She’s Looking Good

The mid-60s were a fascinating time for aficionados of Billboard‘s Bubbling Under singles chart. In many weeks at that time, the chart contained up to 35 singles, a wealth of not-quite-hits. Continuing with our bubbling under adventures, the six we’ll cover in this post all peaked at #101 and represent the artist’s only charted single.

“Il Silenzio”/Nini Rosso (1/1/66, ten weeks on chart). Ten weeks on the Bubbling Under chart makes this a remarkably successful song for one that’s not a hit by most people’s standards. Nini Rosso was an Italian jazz trumpeter; “Il Silenzio” was a monster in Europe, going to Number One in several countries. It incorporates “Taps” and takes off from there into old-fashioned sentimental loveliness, including a spoken bit in Italian that translates to “Good night, love/I’ll see you in my dreams/Good night to you who are far away.”

“S.O.S. (Heart in Distress)”/Christine Cooper (2/19/66, four weeks). “S.O.S.” was the first production by the team of Jerry Kasenetz and Jeff Katz, who later created some of Buddah Records’ greatest hits, including hits by the 1910 Fruitgum Company, the Ohio Express, and under their own name, the magnificently weird “Quick Joey Small,” billed to the Kasenetz-Katz Singing Orchestral Circus. (Read more about the early days of the Kasenetz-Katz pairing here.) “S.O.S” is girl-group R&B, but its Morse code noises are pure bubblegum invention.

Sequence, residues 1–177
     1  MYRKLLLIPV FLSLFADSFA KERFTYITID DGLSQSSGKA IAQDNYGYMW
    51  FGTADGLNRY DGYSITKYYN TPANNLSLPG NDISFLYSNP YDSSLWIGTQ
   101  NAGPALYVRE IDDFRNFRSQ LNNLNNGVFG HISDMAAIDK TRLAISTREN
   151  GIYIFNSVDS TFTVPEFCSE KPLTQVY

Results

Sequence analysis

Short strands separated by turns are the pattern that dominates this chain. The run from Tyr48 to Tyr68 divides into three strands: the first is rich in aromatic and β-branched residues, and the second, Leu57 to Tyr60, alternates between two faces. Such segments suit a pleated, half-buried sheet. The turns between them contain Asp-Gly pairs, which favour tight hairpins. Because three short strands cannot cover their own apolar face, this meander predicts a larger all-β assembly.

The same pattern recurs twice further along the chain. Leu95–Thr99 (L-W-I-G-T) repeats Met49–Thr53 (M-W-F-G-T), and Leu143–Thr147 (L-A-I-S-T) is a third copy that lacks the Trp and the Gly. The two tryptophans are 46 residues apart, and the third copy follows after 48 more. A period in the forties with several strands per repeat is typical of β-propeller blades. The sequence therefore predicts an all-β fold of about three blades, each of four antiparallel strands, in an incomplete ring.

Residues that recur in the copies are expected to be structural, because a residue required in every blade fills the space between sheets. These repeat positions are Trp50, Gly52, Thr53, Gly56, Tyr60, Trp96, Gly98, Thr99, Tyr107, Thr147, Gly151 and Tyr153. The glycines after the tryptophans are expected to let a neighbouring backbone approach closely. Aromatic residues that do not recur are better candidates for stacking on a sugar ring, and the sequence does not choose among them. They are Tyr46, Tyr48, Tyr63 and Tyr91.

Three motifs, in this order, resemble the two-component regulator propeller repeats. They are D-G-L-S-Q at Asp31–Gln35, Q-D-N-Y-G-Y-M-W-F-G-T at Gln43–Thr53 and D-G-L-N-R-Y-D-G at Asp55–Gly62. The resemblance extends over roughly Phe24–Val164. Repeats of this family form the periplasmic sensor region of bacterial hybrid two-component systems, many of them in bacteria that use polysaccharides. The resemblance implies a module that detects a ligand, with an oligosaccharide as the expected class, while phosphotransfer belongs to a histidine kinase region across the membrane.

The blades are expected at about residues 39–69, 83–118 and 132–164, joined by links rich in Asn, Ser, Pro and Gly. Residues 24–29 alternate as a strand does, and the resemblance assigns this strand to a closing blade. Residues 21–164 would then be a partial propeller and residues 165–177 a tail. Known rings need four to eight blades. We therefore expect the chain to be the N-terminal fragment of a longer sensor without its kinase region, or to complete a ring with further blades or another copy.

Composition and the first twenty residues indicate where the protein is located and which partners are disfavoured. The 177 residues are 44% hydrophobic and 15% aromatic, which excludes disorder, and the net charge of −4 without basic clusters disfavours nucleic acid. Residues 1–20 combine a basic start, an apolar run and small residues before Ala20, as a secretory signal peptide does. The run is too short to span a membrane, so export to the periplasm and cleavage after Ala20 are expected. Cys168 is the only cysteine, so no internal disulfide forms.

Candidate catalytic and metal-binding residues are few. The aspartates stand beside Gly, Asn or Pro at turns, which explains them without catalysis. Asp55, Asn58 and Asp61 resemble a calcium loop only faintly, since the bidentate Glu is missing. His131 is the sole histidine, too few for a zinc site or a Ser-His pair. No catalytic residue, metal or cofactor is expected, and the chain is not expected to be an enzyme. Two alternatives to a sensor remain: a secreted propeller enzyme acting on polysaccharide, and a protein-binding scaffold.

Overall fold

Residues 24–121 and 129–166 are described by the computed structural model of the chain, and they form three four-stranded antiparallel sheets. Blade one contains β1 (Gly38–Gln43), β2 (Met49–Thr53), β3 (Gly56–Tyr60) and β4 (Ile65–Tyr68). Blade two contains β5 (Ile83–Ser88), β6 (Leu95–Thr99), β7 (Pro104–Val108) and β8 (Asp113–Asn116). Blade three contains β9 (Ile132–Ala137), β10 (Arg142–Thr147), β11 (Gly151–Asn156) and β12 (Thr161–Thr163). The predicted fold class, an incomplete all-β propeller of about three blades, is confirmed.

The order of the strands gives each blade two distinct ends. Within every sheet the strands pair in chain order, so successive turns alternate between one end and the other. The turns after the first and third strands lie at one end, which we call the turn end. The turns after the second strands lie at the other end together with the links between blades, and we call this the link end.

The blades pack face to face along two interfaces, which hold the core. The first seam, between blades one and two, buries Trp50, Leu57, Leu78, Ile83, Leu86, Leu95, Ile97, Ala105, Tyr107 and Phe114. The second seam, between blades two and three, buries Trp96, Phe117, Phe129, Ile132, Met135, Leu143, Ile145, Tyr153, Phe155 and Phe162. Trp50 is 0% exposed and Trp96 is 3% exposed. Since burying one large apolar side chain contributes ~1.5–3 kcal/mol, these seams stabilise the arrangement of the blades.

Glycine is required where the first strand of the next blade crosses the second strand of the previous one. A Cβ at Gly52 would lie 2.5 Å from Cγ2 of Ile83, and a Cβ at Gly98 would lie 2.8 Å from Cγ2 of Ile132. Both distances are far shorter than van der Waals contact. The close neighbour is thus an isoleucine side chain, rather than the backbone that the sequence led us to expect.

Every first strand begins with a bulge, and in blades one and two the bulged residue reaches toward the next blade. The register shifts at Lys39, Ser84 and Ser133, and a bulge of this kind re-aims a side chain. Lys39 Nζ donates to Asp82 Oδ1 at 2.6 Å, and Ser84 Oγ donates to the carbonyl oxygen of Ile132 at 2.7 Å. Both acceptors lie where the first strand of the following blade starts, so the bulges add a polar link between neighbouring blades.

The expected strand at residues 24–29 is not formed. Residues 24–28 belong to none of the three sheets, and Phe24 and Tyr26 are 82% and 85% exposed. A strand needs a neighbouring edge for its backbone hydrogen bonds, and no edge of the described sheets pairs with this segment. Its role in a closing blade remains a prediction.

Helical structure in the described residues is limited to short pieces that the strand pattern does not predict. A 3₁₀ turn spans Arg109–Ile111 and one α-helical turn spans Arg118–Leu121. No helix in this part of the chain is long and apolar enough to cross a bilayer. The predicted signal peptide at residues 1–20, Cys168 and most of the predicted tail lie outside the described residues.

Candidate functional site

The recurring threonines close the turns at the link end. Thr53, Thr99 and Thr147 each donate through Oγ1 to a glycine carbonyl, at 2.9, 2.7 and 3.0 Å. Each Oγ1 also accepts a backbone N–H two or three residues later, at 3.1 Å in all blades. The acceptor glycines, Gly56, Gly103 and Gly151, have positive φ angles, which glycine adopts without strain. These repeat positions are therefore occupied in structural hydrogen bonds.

“He Wore the Green Beret”/Lesley Miller (3/19/66, three weeks). This is an answer song of a sort, responding to “The Ballad of the Green Berets” by Barry Sadler. It got a hyperventilating review from Billboard that spring, suggesting that it would perform as well as Sadler’s original. Uh, no—for a couple of reasons. First, “The Ballad of the Green Berets” did five weeks at Number One in the spring of 1966, a hard standard to match. Second, it’s simply dreadful. Although Miller didn’t make the Hot 100, a version by Nancy Ames did, and Miller’s bubbled under a second time in October.

“Impressions”/Jones Boys (9/24/66, four weeks). Here’s a group about which I’ve been able to learn nothing, except that they were on the Atco label. Based on what I found at ARSA, it looks like they got local airplay in Hartford and New Haven, Connecticut, so I suspect they may have been from around there, although they racked up their best chart numbers in Denver. They deserved better: “Impressions” is a nice bit of sunshine pop.

“She’s Looking Good”/Rodger Collins (3/25/67, two weeks). Back in the 60s, Collins appeared on concert bills with Elvis, Ike and Tina, Redd Foxx, and Joe Tex, and “She’s Looking Good” is a red-hot Stax-style rager. DJ Prestige over at Flea Market Funk told Collins’ story a few years ago, so go there now.